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NEWS | April 22, 2014

NRL-SSC Helps Science Scores Soar

By Donna McKinney

Hancock County School District (HCSD) was an early partner in NRL-SSC's STEM (science, technology, engineering, and mathematics) outreach efforts beginning in 2009. The rural school district serves approximately 4,400 pre-K-12 students.

It was clear at the initial meeting between HCSD Superintendent Mr. Alan Dedeaux and NRL STEM coordinators, this district saw the value in community support. Mr. Dedeaux and his administration stressed their desire to move their science curriculum from traditional lecture-based teaching to inquiry-based learning. They were eager to begin a Navy partnership that supported that goal.

Since 2010, NRL-SSC has provided inquiry-based science kits for the district, teacher training on how to implement the kits, science and engineering (S&E) classroom speakers and mentors, and excess lab supplies to help in their endeavor—an investment that has paid off. According to Ms. Kim Saucier, HCSD Science Curriculum Coordinator,

"Since the implementation of our inquiry-based science program in the 2010-2011 school year, Hancock County School District has shown steady increases in the percentage of students scoring proficient and advanced on the state and federally mandated MST2, the Mississippi Science Test.

As a result of this implementation, students are now doing science, not just learning about science. Consequently, they are understanding concepts and remembering what they have learned through experience, rather than memorizing facts and details.

In the past if you were to sneak a peek into one of our science classrooms, you would likely see students taking notes, reading from a textbook, listening to a lecture, or watching a teacher demonstration. Today, as you walk into our science classrooms you see students wearing child-sized safety goggles, conducting their own investigations, and recording their findings in their lab notebooks. Our students have become little scientists, and the teachers have become facilitators and lab assistants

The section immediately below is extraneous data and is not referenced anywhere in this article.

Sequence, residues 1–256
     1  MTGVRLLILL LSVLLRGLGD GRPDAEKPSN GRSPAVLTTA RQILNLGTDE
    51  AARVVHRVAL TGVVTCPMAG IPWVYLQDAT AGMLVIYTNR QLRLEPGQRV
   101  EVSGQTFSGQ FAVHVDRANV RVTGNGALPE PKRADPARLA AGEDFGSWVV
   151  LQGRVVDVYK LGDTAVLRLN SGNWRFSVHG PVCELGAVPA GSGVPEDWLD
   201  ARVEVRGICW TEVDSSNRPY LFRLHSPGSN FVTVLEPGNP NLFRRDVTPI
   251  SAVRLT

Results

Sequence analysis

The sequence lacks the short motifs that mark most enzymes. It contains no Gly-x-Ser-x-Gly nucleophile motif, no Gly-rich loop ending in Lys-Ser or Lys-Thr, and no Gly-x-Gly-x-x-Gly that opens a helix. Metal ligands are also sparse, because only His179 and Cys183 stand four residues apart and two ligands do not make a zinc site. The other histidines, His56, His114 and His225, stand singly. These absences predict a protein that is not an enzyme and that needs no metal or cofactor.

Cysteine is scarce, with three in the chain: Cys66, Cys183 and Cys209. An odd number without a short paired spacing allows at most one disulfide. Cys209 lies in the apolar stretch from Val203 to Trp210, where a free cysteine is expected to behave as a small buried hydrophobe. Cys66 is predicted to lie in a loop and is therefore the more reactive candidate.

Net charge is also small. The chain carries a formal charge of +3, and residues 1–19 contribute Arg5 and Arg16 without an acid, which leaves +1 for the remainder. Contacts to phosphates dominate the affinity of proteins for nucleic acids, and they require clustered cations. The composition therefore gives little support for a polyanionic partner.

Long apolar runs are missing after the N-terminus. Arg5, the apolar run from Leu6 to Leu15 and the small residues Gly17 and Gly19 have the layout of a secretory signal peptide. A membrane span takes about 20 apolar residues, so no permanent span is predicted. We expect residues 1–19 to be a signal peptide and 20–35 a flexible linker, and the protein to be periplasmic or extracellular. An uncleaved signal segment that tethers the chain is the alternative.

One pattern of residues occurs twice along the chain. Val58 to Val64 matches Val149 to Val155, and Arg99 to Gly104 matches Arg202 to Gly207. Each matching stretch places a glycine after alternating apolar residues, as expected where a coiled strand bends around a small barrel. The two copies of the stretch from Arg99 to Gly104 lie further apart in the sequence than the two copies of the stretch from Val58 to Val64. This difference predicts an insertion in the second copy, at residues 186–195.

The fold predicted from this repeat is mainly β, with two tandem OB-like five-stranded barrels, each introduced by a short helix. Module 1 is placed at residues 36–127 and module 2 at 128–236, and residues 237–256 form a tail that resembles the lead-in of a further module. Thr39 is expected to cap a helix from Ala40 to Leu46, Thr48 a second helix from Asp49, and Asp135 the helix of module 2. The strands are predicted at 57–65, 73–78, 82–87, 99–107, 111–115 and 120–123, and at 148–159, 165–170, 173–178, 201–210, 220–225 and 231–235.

Mr. Dedeaux has also seen positive changes in his faculty. The inquiry-based kits have also helped some of our elementary teachers increase their content knowledge and confidence in the areas of physics, chemistry, and other physical sciences, thus ensuring that our science curriculum is well balanced, said Dedeaux. There is a new excitement about science in our district that is evident in our teachers, students, parents, administrators, and the local community.

It's common knowledge that S&Es make decisions based on measurable, verifiable data. Seeing the uptick in HCSD's state science scores is encouraging to NRL STEM Coordinator Dr. Joe Calantoni, who is continuing to support professional development opportunities for HCSD teachers this school year.

As a district, we are very thankful for the generosity of the Naval Research Lab and other local sponsors who are directly responsible for providing the resources that have helped transform our students into little scientists, said Saucier. One day these little scientists will be big scientists and we will all benefit from their excitement and love of science.

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